6 Things You’re Saying to Your Partner That Make Matters Worse

Have you ever found yourself regretting how you showed up in an interaction? Or maybe you walked away thinking you could have handled it better?  When you make contemptuous statements to your partner such as “You’re dumb!” or “You’re stupid,” you can make the other person feel small, ashamed, and unimportant.  It’s all about power – and power is the right to your own thoughts, your own feelings, your own voice, and your own choice.  By being more mindful of how we choose our words to make sure we don’t misuse and abuse our power, our partner will then feel heard and understood.  6 Phrases You Should Avoid Saying to Your Partner
  1. “I hear what you’re saying, but…”
This statement is basically saying that your opinion is better than the other person’s. It’s dismissive and it makes them feel unimportant. This doesn’t work because now the person doesn’t feel like their thoughts or feelings matter. You’re shrinking their power when you should be respecting their power.  Instead, say this: “I hear what you’re saying and I get that now. What I took from that conversation is…” Give a person’s voice to that conversation and then give your own perspective to balance out the power. 
  1. “You need to…
This overrides the other person’s power to decide for themselves. You’re saying to the person that you know what’s best for them. Instead, say this: “It would really help if you can…”
  1. “Get over it.”
This implies that you’re really not interested in how the other person feels. It’s another misuse of power and it can be an abuse of power if you’re always doing that because you’re being harsh to the person.  Instead, say this: “I’m sorry, this is upsetting you, what can I do to help?” Make the person feel heard and understood, and when you do that, they’re more likely to get over it. Sometimes, they just need somebody to listen to them. And if they need advice, they’re more likely to ask for your advice after they’ve felt like you’ve heard them and understood them.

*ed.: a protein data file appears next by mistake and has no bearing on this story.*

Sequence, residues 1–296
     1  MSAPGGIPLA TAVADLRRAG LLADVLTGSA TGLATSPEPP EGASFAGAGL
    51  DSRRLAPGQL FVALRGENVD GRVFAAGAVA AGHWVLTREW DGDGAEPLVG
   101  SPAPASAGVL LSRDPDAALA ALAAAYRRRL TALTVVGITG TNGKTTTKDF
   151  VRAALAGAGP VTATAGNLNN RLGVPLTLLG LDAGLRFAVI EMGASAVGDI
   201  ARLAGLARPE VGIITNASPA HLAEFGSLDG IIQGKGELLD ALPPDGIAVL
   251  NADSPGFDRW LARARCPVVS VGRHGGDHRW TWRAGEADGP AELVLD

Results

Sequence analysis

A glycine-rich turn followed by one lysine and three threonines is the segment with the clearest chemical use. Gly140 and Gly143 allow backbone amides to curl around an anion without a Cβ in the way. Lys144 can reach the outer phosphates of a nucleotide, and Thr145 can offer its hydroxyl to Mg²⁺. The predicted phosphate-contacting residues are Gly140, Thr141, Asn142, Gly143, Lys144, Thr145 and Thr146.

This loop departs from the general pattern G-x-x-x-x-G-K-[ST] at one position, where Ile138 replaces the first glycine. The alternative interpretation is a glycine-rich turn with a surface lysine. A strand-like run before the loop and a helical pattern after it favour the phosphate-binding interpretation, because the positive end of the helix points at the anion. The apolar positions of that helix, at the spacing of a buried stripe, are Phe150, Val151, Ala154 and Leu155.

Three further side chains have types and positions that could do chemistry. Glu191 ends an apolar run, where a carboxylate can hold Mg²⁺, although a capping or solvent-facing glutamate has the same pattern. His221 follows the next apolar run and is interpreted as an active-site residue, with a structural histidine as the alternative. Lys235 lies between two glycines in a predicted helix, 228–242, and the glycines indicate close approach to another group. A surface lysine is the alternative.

1. “You never…” or “You always…”
These are extreme statements that are untrue and inaccurate because you’re not giving the other person any grace for the way they act in between, which is probably where they are more of the time.  Instead, say this: “It seems at times that…” or “There appears to be a pattern here that I see in our relationship.” “Always” means every time, but pattern refers to frequency. And it’s what the other person needs to hear that it does happen and that there is a pattern.
  1. “You are [insert contemptuous word/s]…”
Contemptuous statements such as – “You’re a jerk.” “You’re an idiot.” “You’re a dumb ass.” “You are stupid.” “You’re a bitch.” “You’re a bastard.” – are extremely disrespectful.  Instead of saying:  “You’re a jerk.”  Say this:  “I’m very upset by the way you’re acting right now.” Instead of saying:  “Quit being an asshole.” Say this:  “Can you please stop?”
  1. “You’re wrong!”
In this case, you’re acting like the judge or jury of the situation. It might be true that the person is wrong, but saying it with an attitude of superiority doesn’t work. Or maybe your partner’s not wrong, they just have a different opinion than yours. Again, this goes back to power, the right to their thoughts, their feelings, their voice, and their own choice.  Instead, say this: “We disagree on how we see this.” “I could be wrong. But I think you’re jumping to conclusions.” If you want to learn more about things to never say in certain situations, check out https://www.donolund.com/trg009